The discussion continues in comments; please visit.

I have to say this is one of the worst abuses of latter-day capitalism that I have ever heard of.

10 comments:

M@ said...

Not much to add here -- it's outrageous, of course, and stunning. But I don't think you're being cynical enough with this:

It's not quite company scrip, as these fees don't go back into McDonald's pockets

I don't believe that for a second. There isn't a single doubt in my mind that McDonald's isn't getting a huge cut of those fees back in one way or another. They probably get their payroll done for free or something; the banks will make such huge profits on all these accounts that they'll be throwing money or perks at McDonald's left, right, and centre.

laura k said...

M@, I completely agree. I also have no doubt that McDonald's is directly profiting from these transactions, or why would they funnel employees into the deal?

I wrote that anticipating comments pointing out some tiny detail of the McDonald's scheme that makes it not precisely company scrip. Comments have made me skittish!

Even without that unknown factor, though, the fees go in someone's pockets - some company, some shareholder - and it's theft.

John F said...

On a related note, coffee shop workers in Halifax have the right idea.

laura k said...

Yes, indeed! I know what that is without even clicking.

These smart Starbucks workers are also on the right track.

impudent strumpet said...

The companies profit from it because the portion of the paycheque that hasn't yet been debited from the card is like an interest-free loan.

laura k said...

Thanks for that, Imp Strump!

Later today I will update the post to include this, plus what M@ said. I pulled a punch, anticipating a nitpicky comment.

M@ said...

I would even go further. Service companies (like banks, telecom, and insurance) are desperate to get customers, because they know that once a customer is with them, it's very likely that they'll stay with them. It's too much hassle and annoyance to change banks, cell phone companies, and so on.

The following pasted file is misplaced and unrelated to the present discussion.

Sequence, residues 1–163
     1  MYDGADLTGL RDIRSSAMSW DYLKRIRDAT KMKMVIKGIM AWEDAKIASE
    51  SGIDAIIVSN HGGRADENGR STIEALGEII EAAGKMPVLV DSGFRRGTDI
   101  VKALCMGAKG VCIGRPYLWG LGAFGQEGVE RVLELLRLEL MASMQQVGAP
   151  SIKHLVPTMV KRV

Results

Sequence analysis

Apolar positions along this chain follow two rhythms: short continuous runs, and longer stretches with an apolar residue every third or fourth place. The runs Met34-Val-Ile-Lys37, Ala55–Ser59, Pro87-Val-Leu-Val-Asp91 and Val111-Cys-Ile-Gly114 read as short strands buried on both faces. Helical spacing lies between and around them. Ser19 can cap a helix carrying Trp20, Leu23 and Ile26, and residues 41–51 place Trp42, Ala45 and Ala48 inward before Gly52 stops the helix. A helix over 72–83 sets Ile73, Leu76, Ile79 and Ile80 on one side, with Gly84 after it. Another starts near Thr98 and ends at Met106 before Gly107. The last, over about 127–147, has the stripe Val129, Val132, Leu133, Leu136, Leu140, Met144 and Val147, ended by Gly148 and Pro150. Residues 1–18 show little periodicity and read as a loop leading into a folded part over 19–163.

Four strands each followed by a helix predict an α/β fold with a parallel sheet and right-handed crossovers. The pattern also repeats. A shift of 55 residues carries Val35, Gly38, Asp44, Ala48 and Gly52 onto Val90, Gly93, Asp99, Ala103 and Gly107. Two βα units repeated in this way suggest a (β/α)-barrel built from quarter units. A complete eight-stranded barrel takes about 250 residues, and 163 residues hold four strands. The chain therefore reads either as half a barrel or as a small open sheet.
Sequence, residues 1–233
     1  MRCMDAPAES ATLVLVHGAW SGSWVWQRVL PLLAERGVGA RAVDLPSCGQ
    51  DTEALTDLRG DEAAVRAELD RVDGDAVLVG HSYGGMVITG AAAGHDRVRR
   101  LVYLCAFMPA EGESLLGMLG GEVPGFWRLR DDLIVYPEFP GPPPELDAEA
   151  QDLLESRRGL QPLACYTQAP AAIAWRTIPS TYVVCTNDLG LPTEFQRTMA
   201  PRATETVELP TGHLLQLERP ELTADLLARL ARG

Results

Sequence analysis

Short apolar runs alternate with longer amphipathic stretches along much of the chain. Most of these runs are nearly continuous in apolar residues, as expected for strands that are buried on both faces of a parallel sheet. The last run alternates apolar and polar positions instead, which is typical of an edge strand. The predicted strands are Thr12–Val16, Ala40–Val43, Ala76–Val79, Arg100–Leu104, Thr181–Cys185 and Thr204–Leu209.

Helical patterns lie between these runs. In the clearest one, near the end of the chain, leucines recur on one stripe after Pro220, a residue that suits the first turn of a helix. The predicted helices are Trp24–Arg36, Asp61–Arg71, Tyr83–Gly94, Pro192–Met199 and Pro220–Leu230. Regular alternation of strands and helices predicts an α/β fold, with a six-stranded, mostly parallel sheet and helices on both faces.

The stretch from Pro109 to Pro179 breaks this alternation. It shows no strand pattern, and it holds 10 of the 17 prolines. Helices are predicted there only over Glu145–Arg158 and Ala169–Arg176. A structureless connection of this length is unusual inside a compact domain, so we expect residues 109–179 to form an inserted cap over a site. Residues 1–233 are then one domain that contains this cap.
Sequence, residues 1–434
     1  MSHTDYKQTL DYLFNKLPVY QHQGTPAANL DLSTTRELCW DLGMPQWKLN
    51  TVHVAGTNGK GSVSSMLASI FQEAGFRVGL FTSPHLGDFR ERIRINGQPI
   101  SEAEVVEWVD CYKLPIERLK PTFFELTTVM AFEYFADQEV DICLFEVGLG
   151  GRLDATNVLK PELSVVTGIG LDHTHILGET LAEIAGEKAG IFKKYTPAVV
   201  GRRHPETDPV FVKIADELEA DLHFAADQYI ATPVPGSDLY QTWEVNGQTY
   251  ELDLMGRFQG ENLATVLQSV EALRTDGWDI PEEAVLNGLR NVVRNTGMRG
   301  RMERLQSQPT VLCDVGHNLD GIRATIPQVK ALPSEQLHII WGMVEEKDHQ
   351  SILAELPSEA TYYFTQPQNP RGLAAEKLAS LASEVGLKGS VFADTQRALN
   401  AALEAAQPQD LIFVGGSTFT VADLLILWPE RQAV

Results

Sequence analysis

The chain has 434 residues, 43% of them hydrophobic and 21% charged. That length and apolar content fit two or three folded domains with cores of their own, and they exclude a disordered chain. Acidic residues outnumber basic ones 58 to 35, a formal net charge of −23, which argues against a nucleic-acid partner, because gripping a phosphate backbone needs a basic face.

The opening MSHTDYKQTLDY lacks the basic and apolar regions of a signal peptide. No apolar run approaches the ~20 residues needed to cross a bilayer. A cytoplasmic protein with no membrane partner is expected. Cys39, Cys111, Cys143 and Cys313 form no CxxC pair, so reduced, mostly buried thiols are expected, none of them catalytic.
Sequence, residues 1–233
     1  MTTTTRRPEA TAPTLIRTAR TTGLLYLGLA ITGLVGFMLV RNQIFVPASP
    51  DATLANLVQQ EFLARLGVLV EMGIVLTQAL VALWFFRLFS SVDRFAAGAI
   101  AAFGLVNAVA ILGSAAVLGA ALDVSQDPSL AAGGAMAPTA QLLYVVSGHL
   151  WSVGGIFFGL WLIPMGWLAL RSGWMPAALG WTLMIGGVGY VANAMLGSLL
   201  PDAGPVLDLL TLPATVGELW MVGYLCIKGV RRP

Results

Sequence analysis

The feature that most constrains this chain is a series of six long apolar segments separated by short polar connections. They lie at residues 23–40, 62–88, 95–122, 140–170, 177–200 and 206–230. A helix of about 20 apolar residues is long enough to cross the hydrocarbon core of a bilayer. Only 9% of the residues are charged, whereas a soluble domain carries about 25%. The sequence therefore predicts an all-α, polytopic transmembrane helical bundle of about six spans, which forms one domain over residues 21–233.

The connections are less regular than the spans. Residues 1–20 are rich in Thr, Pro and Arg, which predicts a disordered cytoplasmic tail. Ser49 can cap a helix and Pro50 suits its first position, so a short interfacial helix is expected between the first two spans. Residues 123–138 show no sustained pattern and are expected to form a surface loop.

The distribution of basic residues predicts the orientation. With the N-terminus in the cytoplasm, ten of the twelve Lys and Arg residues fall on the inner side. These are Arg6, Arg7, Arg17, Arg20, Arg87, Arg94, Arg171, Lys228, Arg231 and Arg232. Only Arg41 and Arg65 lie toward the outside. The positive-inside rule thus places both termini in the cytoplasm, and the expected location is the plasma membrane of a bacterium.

So getting customers is a big deal. That's why incentives are so high with starting with a new cell phone company. That's why signing up for a new subscription with a newspaper can get you a bunch of free swag.

These companies have an idea of the cost of acquiring a new customer. They have to -- otherwise they have no way to measure the success of, say, a new advertising campaign. They know that they can provide, say, $10 worth of incentives because the average customer stays for 3 years and nets a total profit of $10 a year. $10 to get $30 over the 3 years is a great investment.

Now McDonald's is handing them tens of thousands of new customers. What, out of generosity? You can bet that McDonald's put out a request for services, and all the big banks fell all over themselves to offer incredible incentives. We'll pay for your payroll ($2/customer/year), we'll do some responsible advertising so that your employees know how to use our accounts ($2/customer/year, and smug satisfaction about being good corporate citizens), and we'll give all your management employees gold-plated accounts, great 401k accounts, etc. ($1/customer/year).

The banks make a nice profit on all the new customers they get. They split that profit with McDonald's. Everybody wins!

laura k said...

I just updated the post.

laura k said...

I am such a sucker for loyalty cards and gift cards that I purposely avoid them. Cards end up controlling my spending habits! I can't be the only one.

My Starbucks card is the perfect example of the interest-free loan and long-term customer all wrapped up in one neat consumerist package.

Allan got a Starbucks card as a thank-you from a lawyer at work. (As I'm sure you all know, gift cards have become the currency of thank-yous.) Allan turned the card over to me and I happily used it for free iced coffees.

Then I reloaded it.

And continued to do so.

Now I hardly ever use it, but I keep money on it, and when I'm broke, I use it to treat myself to what feels like free iced coffee, because the money was spent so long ago. And all that time, Starbucks has money of mine.

What a ripoff.

laura k said...

AND at the same time, cards have become increasingly popular. People give a card as a thank you when they would never give cash. Cash would be considered crass, a gift is too time-consuming and too risky, unless you know the person really well, and the card is an easy middle ground.

I wish we could all reverse this trend, the same way I wish everyone would stop using self-checkout at retail stores.